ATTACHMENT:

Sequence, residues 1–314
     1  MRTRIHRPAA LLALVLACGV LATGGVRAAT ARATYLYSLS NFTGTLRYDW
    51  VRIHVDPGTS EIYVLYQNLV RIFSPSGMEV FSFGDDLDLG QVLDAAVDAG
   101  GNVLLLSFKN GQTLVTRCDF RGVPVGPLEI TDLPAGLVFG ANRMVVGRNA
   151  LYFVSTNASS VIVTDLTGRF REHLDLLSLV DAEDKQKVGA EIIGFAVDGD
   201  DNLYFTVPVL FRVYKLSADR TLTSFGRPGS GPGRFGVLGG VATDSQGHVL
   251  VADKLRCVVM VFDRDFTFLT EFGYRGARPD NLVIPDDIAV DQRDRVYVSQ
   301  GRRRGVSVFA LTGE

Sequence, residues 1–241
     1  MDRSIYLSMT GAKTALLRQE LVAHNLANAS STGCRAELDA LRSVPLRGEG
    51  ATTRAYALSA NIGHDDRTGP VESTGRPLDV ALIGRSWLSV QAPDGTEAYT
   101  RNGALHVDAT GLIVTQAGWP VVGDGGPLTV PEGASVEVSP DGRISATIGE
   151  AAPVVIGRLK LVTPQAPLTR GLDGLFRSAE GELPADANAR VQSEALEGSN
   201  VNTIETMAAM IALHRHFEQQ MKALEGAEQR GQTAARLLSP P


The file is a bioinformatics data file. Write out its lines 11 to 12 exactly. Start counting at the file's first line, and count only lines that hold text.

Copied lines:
    51  ATTRAYALSA NIGHDDRTGP VESTGRPLDV ALIGRSWLSV QAPDGTEAYT
   101  RNGALHVDAT GLIVTQAGWP VVGDGGPLTV PEGASVEVSP DGRISATIGE